Warm weather with occasional rain gives ideal conditions for the greenbottle to cause blowfly strike on sheep.  The greenbottle is attracted to the smell of decomposing matter (faeces, urine, wounds) giving a feed source before laying its eggs.  These eggs hatch within a few hours or days, the larvae, or as they are better known as maggots, will eat on the flesh of the sheep, causing a severe welfare and economic issue.

Measures can be taken to avoid flies being attracted, this includes, good worm control to prevent dirty wool including routine faecal egg counts, dead animals being lifted by the knackery promptly, treating and eradicating foot rot, crutching ewes to prevent dirty wool, treating open wounds and by preventing wound creation (ear tagging) during a high risk period.


The most effective control of ectoparasites is plunge dipping, provided the fleece is thoroughly soaked and the sheep are submerged.  Sheep need to have at least three weeks fleece growth for the insecticide to bind.  The sheep should be clean and dry before dipping to avoid excessive contamination of the dip which reduces the effectiveness if the dip.  Dipping will treat and control lice, scab, ticks, blowfly and keds.  To carry out dipping of sheep you must be trained and competent and either hold a certificate of competence in the safe use of sheep dips or be operating alongside someone who does.  There is a guide available for advice on sheep dipping from the HSE  Withdrawal periods must be adhered to.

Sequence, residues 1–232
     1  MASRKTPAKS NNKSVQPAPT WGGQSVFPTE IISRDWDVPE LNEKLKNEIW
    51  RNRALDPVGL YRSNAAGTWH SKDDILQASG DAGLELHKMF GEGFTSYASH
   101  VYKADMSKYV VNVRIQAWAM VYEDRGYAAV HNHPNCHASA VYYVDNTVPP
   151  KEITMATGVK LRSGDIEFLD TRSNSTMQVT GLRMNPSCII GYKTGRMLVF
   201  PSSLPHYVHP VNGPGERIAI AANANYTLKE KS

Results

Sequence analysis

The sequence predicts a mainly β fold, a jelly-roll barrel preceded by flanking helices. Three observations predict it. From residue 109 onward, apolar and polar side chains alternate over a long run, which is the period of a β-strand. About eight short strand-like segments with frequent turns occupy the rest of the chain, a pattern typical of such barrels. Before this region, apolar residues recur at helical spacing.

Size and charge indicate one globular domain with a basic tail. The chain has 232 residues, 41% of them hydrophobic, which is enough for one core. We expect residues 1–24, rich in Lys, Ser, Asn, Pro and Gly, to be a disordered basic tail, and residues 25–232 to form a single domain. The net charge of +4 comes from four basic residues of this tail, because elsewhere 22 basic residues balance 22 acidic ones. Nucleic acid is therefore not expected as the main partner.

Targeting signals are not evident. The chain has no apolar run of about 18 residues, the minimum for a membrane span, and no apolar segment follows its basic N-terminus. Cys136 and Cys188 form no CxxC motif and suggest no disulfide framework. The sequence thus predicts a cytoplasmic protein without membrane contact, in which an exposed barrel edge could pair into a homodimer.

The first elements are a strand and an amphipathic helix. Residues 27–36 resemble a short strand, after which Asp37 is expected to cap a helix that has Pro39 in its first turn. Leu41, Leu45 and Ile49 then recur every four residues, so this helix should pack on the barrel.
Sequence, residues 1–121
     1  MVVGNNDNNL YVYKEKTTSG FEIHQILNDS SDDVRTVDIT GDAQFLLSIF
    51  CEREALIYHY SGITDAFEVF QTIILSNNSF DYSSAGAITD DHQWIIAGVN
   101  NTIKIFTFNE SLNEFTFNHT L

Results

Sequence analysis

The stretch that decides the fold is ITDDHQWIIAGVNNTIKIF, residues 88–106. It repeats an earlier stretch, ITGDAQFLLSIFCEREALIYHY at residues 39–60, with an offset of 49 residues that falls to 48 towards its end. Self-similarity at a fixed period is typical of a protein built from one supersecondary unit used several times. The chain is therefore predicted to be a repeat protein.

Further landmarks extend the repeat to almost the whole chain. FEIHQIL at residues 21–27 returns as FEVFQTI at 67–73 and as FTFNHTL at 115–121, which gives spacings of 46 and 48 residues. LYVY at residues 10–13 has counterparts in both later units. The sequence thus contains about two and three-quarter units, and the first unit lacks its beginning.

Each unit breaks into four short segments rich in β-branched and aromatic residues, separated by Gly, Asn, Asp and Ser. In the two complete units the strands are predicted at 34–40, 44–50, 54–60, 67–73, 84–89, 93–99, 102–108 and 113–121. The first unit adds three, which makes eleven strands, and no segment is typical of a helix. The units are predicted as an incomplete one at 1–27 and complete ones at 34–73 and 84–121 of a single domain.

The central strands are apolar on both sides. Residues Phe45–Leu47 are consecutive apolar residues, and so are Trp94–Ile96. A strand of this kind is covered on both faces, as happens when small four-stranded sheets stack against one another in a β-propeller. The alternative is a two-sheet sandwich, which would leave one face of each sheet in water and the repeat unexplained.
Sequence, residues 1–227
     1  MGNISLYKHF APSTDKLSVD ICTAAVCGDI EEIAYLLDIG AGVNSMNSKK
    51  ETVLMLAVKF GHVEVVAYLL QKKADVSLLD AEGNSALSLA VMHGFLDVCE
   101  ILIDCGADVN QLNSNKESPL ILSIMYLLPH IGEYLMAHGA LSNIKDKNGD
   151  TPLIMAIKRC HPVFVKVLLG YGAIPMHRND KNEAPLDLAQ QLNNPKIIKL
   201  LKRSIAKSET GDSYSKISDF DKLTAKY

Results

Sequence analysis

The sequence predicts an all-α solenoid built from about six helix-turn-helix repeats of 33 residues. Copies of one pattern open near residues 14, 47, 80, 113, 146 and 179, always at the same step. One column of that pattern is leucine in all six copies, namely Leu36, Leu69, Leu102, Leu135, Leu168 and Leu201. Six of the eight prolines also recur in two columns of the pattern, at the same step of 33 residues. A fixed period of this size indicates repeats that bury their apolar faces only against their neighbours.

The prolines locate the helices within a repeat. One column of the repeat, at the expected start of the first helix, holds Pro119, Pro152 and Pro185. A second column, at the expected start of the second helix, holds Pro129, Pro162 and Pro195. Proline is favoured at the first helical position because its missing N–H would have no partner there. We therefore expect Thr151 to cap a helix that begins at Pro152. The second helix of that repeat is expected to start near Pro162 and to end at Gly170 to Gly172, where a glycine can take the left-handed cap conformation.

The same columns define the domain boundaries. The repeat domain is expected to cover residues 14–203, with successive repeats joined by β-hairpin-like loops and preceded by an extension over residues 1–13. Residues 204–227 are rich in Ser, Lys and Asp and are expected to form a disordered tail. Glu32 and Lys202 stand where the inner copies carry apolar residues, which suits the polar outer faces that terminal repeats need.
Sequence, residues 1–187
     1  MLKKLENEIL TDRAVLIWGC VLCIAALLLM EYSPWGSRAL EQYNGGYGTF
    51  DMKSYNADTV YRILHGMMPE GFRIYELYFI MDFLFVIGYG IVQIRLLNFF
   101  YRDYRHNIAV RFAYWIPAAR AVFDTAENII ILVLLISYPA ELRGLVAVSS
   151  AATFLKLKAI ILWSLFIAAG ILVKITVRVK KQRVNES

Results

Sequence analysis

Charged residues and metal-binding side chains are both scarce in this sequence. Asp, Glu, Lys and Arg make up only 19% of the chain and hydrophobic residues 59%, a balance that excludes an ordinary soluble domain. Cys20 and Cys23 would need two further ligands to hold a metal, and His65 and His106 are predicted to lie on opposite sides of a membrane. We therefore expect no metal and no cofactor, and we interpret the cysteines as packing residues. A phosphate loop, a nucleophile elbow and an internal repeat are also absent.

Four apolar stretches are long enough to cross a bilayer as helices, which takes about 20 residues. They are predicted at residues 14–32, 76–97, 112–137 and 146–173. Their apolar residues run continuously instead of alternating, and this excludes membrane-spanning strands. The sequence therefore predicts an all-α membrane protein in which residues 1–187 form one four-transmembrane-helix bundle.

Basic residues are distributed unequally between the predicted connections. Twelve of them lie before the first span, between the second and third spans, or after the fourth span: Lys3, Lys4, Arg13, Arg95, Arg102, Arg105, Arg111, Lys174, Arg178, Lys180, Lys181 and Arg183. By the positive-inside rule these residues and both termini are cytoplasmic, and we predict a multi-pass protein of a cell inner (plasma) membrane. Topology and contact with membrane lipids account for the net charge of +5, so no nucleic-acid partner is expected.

More convenient pour on products are available, which are easy to use and can have a long period of protection.  The longest protection products are often insect growth regulator pour-ons, which can be applied early for almost whole season protection, but are only effective for blowfly. Pour-on chemicals are available with activity up to 12 weeks, and these often also provide protection against ticks and lice.  Such products dissolve in the wool grease and will be removed when animals are shorn, including crutching to remove dirty wool, so re-application may be required.  Pour on products should also be avoided in sheep with full fleeces, as this can lead to less effective treatment, potentially increasing the chance of resistance to the product.  The active ingredients vary with the products on the market and veterinary advice should be sought to ensure you select the control method best suited to your specific needs.  Again, remember to check the withdrawal periods on all products.

For further information and advice on controlling parasites, visit 

Kirsten Williams and Eilidh Corr